Mobile banking—working well for consumers?

Mobile banking—working well for consumers?

What next for mobile banking and consumers?

Jacob Ghanty, partner, and Eimear O’Brien, associate at Berwin Leighton Paisner, examine the findings of the Financial Conduct Authority’s (FCA’s) recent thematic review on mobile banking and payments.

Original news

Consumer protection and security are key for mobile banking, FCA, LNB News 11/09/2014 157

Consumers have the same regulatory protections in place when using mobile banking services as when making payments by other means, the FCA emphasises following a thematic review. A number of issues have been identified, including the role of senior management, security and technological resilience, and the importance of third party oversight. The review follows an FCA interim report, which was published in 2013.

What is the background to the review?

The FCA’s 2012/13 risk outlook recognised that mobile banking had the potential to rapidly increase in popularity and that innovation in banking and mobile technologies had the potential to impact on the FCA’s objectives. The FCA commenced a thematic review in 2012 to tackle potential risks to consumers at an early stage to prevent them from developing. The FCA published its interim report in August 2013 which set out the areas where the FCA believed firms should focus their attention.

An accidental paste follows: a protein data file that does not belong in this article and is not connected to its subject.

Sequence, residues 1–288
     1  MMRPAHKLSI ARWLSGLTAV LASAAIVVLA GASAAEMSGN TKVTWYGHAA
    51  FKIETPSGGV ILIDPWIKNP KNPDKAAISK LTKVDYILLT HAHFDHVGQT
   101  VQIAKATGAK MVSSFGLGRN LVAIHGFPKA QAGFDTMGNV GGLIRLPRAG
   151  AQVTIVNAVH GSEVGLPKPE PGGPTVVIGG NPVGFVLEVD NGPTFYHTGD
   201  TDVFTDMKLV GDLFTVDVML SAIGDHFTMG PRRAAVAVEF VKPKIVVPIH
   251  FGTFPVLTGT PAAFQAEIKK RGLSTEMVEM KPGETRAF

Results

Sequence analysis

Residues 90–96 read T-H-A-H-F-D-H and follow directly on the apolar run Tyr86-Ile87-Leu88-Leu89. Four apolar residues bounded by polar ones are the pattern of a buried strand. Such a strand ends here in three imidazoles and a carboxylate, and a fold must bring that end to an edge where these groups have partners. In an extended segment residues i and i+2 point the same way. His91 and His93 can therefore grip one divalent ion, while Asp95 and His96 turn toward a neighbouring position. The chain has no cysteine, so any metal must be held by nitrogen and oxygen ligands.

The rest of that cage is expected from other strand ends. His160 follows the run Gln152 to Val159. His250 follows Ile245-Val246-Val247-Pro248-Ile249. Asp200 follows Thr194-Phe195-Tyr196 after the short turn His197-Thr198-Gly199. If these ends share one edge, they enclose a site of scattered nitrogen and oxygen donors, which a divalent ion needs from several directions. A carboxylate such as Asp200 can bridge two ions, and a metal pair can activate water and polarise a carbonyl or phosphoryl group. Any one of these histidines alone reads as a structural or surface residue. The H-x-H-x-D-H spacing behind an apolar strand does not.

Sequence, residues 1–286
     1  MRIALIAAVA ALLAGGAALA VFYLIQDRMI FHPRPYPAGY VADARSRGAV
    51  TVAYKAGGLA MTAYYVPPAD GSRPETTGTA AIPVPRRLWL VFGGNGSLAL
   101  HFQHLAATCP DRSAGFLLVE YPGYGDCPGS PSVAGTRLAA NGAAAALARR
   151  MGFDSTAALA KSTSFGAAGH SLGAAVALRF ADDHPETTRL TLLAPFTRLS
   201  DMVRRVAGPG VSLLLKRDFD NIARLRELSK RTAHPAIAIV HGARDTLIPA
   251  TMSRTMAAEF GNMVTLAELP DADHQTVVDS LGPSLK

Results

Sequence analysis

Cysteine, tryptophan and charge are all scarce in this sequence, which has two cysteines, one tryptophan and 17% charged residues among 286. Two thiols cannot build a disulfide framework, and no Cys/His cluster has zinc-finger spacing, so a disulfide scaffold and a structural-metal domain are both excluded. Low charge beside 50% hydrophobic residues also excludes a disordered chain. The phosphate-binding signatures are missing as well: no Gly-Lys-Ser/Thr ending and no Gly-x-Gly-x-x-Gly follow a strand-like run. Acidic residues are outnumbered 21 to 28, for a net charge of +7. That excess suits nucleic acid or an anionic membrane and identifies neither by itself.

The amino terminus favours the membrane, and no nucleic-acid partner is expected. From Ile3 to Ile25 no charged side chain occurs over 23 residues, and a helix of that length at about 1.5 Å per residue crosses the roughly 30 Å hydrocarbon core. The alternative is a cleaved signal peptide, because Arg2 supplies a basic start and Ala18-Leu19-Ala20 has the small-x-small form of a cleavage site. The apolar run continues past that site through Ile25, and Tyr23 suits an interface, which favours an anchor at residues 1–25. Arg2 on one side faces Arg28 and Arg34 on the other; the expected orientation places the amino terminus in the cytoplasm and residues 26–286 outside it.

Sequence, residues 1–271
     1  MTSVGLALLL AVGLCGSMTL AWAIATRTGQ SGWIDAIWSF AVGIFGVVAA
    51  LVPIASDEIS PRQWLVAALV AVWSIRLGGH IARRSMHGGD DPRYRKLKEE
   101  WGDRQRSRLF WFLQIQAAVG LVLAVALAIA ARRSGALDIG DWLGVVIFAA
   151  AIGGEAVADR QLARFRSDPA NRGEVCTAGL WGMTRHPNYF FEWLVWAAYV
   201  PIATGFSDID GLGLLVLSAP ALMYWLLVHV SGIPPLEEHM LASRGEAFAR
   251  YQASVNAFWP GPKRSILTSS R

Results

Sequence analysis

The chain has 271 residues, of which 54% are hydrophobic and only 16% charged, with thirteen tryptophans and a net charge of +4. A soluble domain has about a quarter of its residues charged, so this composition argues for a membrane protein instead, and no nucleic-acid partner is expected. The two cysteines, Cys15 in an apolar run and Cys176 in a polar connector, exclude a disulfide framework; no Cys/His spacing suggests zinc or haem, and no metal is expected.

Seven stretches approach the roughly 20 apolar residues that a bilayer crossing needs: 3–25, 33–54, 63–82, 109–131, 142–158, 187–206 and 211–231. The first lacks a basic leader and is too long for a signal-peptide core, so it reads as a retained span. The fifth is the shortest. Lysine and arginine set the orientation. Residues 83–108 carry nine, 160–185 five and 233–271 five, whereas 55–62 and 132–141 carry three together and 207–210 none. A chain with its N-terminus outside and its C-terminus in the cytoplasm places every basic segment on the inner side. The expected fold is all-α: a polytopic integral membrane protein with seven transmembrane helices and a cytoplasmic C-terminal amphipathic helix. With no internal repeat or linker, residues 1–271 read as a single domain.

The purpose of the more recent thematic review was to determine how firms are achieving good outcomes for consumers when delivering mobile banking products.

What was the scope of the review?

The thematic review focused on the different ways in which consumers may carry out mobile banking and payments on their mobile phones or tablet computers (including contactless payments made using a mobile device).

The FCA engaged with regulated firms such as banks, building societies and payment institutions, and other participants in the industry (eg technology providers, mobile network operators and unregulated firms). The thematic review covered the following areas:

  • strategy, governance processes, policies and data for mobile banking
  • how firms manage current risks around their mobile products and services
  • how firms deliver consumer outcomes
  • future developments in mobile banking and payments, and
  • firms’ emerging thinking about the benefits and risks these developments could pose to consumers

What were the main findings of the review?

The FCA’s initial findings as set out in its interim report identified risks in relation to:

  • fraud (to both firms and their customers)
  • security (risk of malware and viruses)
  • use of third parties
  • consumer awareness and understanding of how to use the products and services provided and in relation to their rights and responsibilities
  • technology/interruption to service, and
  • anti-money laundering systems and controls

The FCA did not find any evidence of crystallised consumer harm.

In its September 2014 report, the FCA identified the following five areas which are relevant to whether firms are delivering good outcomes for customers. Fraud and anti-money laundering were not prioritised in the 2014 report as the FCA was satisfied that firms were already focusing on these areas.

Consumers’ understanding of their rights and responsibilities—it is important that consumers understand they have the same regulatory protections in place as when making payments by other means, particularly protections against losses incurred as a result of fraud.